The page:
Just a handful of almonds a day may help you maintain healthy cholesterol levels, said a University of Missouri Extension nutrition and health education specialist.

“Research shows that a diet high in heart-healthy foods like almonds can reduce cholesterol levels as much as statin drugs such as lovastatin and mevastatin,” said Susan Mills-Gray.

In addition to helping with cholesterol levels, almonds are one of the richest sources of vitamin E, a powerful antioxidant that reduces the risk of cancer and heart disease. Almonds are a rich source of riboflavin, magnesium, manganese and copper.

A study published in 2005 in the Journal of Nutrition showed that consuming whole almonds, including the skin, doubles the antioxidant intake. A 2010 study suggests that almonds may also help reduce the risk of Type 2 diabetes.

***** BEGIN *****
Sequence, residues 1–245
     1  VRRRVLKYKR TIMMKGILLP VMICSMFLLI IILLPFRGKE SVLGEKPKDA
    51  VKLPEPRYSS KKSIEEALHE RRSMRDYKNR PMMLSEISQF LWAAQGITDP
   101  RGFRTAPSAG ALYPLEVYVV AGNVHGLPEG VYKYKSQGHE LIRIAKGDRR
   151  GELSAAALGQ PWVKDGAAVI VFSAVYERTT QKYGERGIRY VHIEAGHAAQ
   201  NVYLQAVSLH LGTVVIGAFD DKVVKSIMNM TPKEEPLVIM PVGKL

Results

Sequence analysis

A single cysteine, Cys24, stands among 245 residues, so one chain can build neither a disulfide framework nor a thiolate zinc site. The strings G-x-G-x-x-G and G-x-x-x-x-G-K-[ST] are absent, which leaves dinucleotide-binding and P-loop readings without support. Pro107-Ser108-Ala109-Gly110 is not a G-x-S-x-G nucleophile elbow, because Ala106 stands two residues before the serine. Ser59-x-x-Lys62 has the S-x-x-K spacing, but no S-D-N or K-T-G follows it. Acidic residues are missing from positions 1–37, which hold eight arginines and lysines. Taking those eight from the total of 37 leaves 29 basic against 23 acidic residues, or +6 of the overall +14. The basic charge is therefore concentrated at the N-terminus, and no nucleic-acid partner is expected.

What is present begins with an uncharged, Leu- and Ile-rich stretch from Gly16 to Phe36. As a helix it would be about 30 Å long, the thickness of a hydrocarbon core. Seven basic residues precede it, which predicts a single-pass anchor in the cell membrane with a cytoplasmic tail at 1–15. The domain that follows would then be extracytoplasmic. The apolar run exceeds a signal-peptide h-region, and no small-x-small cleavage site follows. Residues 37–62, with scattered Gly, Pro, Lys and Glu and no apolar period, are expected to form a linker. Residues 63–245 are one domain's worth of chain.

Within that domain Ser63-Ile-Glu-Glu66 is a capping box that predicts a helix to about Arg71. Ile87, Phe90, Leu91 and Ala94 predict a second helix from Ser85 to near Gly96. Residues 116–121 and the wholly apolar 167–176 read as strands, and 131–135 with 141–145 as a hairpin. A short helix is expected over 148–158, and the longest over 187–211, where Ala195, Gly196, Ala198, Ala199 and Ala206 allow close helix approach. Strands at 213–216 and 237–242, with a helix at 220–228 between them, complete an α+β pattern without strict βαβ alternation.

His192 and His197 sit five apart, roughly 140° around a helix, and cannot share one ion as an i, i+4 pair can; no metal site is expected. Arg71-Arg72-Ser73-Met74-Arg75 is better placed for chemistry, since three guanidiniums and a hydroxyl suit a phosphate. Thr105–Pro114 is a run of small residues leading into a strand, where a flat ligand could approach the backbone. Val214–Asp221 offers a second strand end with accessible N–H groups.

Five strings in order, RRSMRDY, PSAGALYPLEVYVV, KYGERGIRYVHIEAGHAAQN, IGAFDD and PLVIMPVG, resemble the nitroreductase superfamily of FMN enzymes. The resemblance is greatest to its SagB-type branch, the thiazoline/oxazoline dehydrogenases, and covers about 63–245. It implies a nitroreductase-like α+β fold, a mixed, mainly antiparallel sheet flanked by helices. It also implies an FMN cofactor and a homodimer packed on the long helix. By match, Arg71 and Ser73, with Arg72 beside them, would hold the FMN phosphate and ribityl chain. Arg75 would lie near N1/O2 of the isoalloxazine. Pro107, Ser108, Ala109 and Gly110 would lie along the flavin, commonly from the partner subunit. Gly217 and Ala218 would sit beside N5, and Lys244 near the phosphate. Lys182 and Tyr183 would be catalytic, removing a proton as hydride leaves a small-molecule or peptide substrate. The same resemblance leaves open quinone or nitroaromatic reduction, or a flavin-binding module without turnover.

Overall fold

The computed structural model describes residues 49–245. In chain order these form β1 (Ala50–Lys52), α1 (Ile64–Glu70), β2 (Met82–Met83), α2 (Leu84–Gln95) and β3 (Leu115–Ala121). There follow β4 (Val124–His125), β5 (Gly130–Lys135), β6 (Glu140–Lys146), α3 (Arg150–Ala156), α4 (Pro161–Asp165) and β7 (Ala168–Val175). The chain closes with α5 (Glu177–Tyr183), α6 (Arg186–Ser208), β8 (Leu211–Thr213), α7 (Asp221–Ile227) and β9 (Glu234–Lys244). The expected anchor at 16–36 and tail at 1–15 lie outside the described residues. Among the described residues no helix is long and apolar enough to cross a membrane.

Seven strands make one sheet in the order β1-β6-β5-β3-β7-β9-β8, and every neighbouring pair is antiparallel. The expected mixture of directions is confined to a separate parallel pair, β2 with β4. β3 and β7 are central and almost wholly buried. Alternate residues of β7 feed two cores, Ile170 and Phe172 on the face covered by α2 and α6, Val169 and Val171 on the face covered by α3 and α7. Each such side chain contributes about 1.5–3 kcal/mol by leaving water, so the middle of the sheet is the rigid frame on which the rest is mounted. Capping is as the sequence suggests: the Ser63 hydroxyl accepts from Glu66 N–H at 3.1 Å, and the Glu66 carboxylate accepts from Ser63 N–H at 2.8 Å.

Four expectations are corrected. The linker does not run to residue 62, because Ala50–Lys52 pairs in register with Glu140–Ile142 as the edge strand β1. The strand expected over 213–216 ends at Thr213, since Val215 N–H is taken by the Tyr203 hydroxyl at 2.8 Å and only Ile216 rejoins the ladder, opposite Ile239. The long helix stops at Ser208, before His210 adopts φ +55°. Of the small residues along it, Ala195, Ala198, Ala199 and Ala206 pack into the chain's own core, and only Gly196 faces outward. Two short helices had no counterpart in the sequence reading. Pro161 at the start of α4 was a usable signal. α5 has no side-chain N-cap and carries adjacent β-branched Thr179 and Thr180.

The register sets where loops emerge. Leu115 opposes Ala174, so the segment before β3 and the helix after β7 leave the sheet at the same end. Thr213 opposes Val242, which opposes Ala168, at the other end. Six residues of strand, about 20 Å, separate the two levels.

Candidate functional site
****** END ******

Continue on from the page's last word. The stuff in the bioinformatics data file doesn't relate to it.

Just one ounce—about 22 almonds—packs more protein than an egg and contains more than three grams of dietary fiber, Mills-Gray said. “The high protein content staves off hunger.”

Shelled almonds may be whole, sliced or slivered with skin on, or blanched with the skin removed.  “Look for dry-roasted almonds that contain no additional ingredients like sugar or preservatives,” she said.

Almonds are high in calories, so eat in moderation, she added.

Store almonds in a tightly sealed container in a cool, dry place to prevent them from going rancid and absorbing odors of other foods.  Refrigerated almonds will last several months. Frozen almonds will keep for up to a year.